Kids: No Sneeze, No Sleep
Children, unlike adults, don't get drowsy on two allergy drugs
MONDAY, May 7 (HealthScout) -- It stands to reason that if you get groggy when you take antihistamines like Benadryl, so will your kids, right? Wrong.
Neither the over-the-counter Benadryl nor the prescription Claritin had any drowsy effect on kids ages 8 to 10, new research shows. The study reinforces the growing realization that drugs affect children quite differently than adults, the researchers add.
"There's actually been quite a lot of research in adults showing the effects of antihistamines on real-world situations like driving that reveal direct implications of the drugs on daily lives," says lead author Bruce Bender, head of pediatric behavioral health at the National Jewish Medical Research Center in Denver, Colo. "But there have only been a handful of studies that look at sedating and non-sedating antihistamines in children, and no study had an equivalent real-world application."
Bender and his colleagues created a simulated school to see if diphenhydramine, commonly sold under the trade name Benadryl, or loratadine, sold as Claritin (which is non-sedating), affected kids differently than adults. They enrolled 63 children ages 8 to 10 for a total of four days on three consecutive weekends. All of the students had a history of allergies and had taken antihistamines in the past.
"We placed the kids in three groups, giving them either a placebo, Benadryl or Claritin," Bender describes. "And then they spent four days in school doing what kids do in school. They had a caffeine-free breakfast. They learned; they had art; they had physical education."
He then gave the kids a computerized reaction test, a questionnaire asking them how sleepy they were, and rated them on the retention of the material they had learned. "The result, which was a surprise to us, was that there was no difference across the three drug treatments -- the placebos, those who took the sedating drug Benadryl, and those who took the non-sedating Claritin," Bender says.
Antihistamines "are one of the most commonly used medications by Americans," Bender says. "Conservatively, 50 million Americans use antihistamines every year." Antihistamines work by blocking the action of histamine -- a potent chemical that is released from certain cells when you are exposed to an allergen and causes the typical runny nose, red eyes and other symptoms of an allergy.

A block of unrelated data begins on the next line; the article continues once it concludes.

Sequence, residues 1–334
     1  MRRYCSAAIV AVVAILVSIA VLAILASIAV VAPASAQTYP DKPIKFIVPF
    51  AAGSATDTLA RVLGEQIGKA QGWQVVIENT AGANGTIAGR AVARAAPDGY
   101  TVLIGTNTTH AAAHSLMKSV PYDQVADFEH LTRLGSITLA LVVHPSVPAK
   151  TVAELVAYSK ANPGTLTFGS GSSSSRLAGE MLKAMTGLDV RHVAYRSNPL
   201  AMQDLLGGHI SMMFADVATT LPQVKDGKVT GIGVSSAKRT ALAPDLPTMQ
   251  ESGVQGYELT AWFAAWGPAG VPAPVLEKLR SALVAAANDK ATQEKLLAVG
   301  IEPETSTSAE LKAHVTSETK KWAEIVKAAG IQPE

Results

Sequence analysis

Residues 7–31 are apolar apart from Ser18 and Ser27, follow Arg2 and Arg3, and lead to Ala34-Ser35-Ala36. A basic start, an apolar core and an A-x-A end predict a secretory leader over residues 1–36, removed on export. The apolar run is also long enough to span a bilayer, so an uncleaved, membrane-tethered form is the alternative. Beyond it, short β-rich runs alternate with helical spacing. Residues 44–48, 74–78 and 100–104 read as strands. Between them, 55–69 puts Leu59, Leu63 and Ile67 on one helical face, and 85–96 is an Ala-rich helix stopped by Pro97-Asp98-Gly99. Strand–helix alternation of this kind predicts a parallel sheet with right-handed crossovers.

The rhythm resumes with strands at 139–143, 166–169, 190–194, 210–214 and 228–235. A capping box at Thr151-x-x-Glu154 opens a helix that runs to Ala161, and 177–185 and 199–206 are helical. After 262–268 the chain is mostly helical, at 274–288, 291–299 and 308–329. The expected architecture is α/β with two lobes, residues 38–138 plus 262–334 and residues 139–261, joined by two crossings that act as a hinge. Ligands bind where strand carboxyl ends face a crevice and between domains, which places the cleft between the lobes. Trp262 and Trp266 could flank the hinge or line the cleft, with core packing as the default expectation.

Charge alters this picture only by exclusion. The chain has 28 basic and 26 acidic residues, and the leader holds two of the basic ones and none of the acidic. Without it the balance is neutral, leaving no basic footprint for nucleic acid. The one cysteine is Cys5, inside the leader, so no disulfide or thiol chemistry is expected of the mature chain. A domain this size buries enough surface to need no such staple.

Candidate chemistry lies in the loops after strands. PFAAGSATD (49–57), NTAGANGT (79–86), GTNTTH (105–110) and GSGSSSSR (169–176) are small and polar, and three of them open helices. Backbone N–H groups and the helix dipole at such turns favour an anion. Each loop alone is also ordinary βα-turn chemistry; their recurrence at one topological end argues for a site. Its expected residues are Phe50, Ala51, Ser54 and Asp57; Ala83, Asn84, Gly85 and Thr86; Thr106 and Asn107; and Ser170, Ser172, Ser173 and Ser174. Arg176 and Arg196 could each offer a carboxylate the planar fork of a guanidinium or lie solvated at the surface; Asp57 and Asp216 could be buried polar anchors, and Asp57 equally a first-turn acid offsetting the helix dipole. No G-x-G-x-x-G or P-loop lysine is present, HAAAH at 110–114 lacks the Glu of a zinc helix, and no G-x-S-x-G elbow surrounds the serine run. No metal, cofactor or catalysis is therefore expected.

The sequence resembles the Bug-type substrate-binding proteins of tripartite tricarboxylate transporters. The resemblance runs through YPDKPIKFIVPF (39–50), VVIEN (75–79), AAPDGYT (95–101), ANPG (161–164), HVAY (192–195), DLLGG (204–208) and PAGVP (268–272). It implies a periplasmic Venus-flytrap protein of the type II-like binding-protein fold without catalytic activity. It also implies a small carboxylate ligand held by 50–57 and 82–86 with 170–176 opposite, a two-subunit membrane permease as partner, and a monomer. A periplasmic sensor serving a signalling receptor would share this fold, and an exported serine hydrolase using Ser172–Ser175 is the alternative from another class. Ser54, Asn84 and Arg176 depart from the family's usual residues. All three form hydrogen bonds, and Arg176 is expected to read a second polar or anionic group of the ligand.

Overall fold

Bender says scientists are not quite sure why antihistamines make you sleepy. "They cross the blood-brain barrier and seem to have a direct effect on the brain." And they also don't know why kids react differently. "I'm fairly certain the drug crosses the blood-brain barrier in kids, and whether the brain doesn't respond the same, we just don't know."
The findings of the study, funded by a grant from Schering-Plough, which makes Claritin, were published in the May issue of the Journal of Pediatrics.
Bender says the study points out that "there's a difference in real-world situations than those you get in a laboratory. The big point here is that the Food and Drug Administration (FDA) is right in insisting that drug companies test drugs on kids and not just test them on adults and assume the impact is the same on children."
The results are not surprising, according to Dr. Laurie Smith, a senior clinical allergist at Walter Reed Army Medical Center's Allergy Department in Washington, D.C. "I think the study design is very creative. I think it is very likely that children have a different side effects profile from adults."
But you may not be able to get the same results with all antihistamines, warns Smith. "I am not sure that this can be extrapolated to say that all 'sedating,' i.e. classical antihistamines, will not cause perceptible fatigue, or imperceptible impairment of function in children," she says.
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